History of the EMMG

Historian: Leonard G. Joseph and Richard Byrnes

On Saturday evening, November 18, 1932, at the Huntington Hotel in Huntington, WV at dinner, A. E. Kayes, J. A. Scott and W. B. Wallis had a discussion of the possibility of organizing an association distinctly for electric furnace melters.

This discussion was along the lines of establishing a Guild limited to men who earn their livelihood making steel in electric furnaces, who might meet once a year, put their feet under the table, and discuss freely with one another their melting problems, with the understanding that there would be no publication at any time of discussions had, and that the meetings be held if possible without the attendance of any salesmen whatsoever, either in or out of the meetings.

It was felt that to organize a group of this kind, it would be necessary to approach the companies and discuss with them the thought behind this movement, and it was felt by Mr. Scott and Mr. Kayes that Mr. Wallis was the man to go around and discuss the matter with the companies in question, and that evening, a tentative list of companies was discussed, including:

  • Driver Harris Company – Mr. Joseph Scott
  • International Nickel Company – Mr. A. E. Kayes
  • Carpenter Steel Company – Mr. Charles Wilson
  • Republic Steel Corporation – Mr. Walter Farnsworth
  • Timken Steel Tube Company – Mr. Harry Walther
  • Ohio Steel Foundry Company – Mr. Fred Blaney
  • American Rolling Mills Company – Mr. Jones
  • Norfolk Navy Yard – Mr. Fred Anderson
  • Crucible Steel Company Of America – Mr. Matt Townsend
  • Indiana Rolling Mills Company – Mr. Andrew Neff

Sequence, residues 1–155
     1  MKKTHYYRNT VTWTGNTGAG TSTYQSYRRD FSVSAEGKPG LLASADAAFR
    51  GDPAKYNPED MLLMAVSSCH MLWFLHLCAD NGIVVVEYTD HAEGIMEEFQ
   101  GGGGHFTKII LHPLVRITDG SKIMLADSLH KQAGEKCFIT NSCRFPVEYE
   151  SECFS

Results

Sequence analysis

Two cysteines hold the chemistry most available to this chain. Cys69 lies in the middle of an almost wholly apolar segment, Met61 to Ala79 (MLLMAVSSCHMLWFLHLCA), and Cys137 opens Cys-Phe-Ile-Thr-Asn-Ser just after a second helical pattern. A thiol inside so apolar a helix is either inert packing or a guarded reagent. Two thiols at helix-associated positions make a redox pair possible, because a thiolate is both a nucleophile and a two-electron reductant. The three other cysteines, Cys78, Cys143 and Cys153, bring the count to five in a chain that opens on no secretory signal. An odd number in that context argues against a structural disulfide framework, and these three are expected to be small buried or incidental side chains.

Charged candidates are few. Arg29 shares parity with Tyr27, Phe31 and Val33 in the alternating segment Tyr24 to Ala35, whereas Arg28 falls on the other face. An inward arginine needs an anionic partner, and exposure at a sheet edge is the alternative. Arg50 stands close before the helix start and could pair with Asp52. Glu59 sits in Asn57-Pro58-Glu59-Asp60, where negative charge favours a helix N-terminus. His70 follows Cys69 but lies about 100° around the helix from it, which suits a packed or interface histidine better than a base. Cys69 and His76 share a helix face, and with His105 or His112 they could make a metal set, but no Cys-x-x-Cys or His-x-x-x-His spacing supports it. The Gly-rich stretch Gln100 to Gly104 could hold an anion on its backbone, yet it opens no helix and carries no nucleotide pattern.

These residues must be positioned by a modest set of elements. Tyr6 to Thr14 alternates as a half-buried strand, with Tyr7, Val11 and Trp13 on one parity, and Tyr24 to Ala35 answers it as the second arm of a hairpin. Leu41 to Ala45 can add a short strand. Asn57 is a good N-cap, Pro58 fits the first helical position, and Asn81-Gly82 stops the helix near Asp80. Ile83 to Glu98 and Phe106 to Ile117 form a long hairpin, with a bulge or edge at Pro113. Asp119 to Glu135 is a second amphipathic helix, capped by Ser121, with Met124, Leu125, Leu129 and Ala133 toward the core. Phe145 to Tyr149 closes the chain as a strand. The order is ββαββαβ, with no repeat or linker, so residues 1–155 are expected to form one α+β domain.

• Crucible Steel Co., Park Works – Mr. J. H. Chivers
  • Illinois Steel Company – Mr. Herman Schulz

Subsequent to that meeting, Mr. Wallis followed through on calling upon companies in question, outlining the thoughts of the organization of the Guild on the basis that there would be no records of any proceedings or any discussions. Suggestions were made by various companies that it ought to be a company membership and the company each year would appoint a man to attend. Others felt that it should be made a part of the Open Hearth Committee; others flatly refused to permit their men to join an organization of that sort, as they felt would be divulging too much information.

However, by June 1933, Mr. Wallis had secured a number of acceptances:

  • Leroy Bash – Timken Steel & Tube Co.
  • F. J. Blaney – Ohio Steel & Foundry Co.
  • J. H. Chivers – Parks Works, Crucible Steel Co.
  • Mr. Jones. – American Rolling Mills, Middletown, OH
  • F. M. Hicks – Henry Disston Sons
  • E. Kayes – International Nickel Co.
  • J. A. Scott – Driver Harris Co.
  • J. C. Sweitzer – Sivyer Steel Casting Co.
  • M. M. Townsend – Crucible Steel of America, Atha Works
  • H. B. Schulz – Illinois Steel Co.
  • W. B. Wallis – Pittsburgh Lectromelt Furnace Corp.

At that meeting Mr. Wallis acted as Chairman and the by-laws were passed as proposed.

After the by-laws had been passed, Mr. Schulz raised the question as to where Mr. Wallis fitted into the picture. Mr Wallis replied that he felt he had completed the work assigned to him in Huntington and that his responsibility ceased.

An objection was raised to this and upon motion by Mr. Schulz, seconded by Mr. Kayes, an amendment was made to the by- laws adding the classification of honorary member to the classes of membership stipulated in the by-laws and making election to honorary membership subject to unanimous approval of the membership.

At this meeting, Mr. Schulz was elected President, Mr. Kayes was elected Vice-President, and Mr. Scott elected Secretary-Treasurer.

Mr. Scott, as Secretary-Treasurer, proceeded with the taking out of a charter for the Guild.





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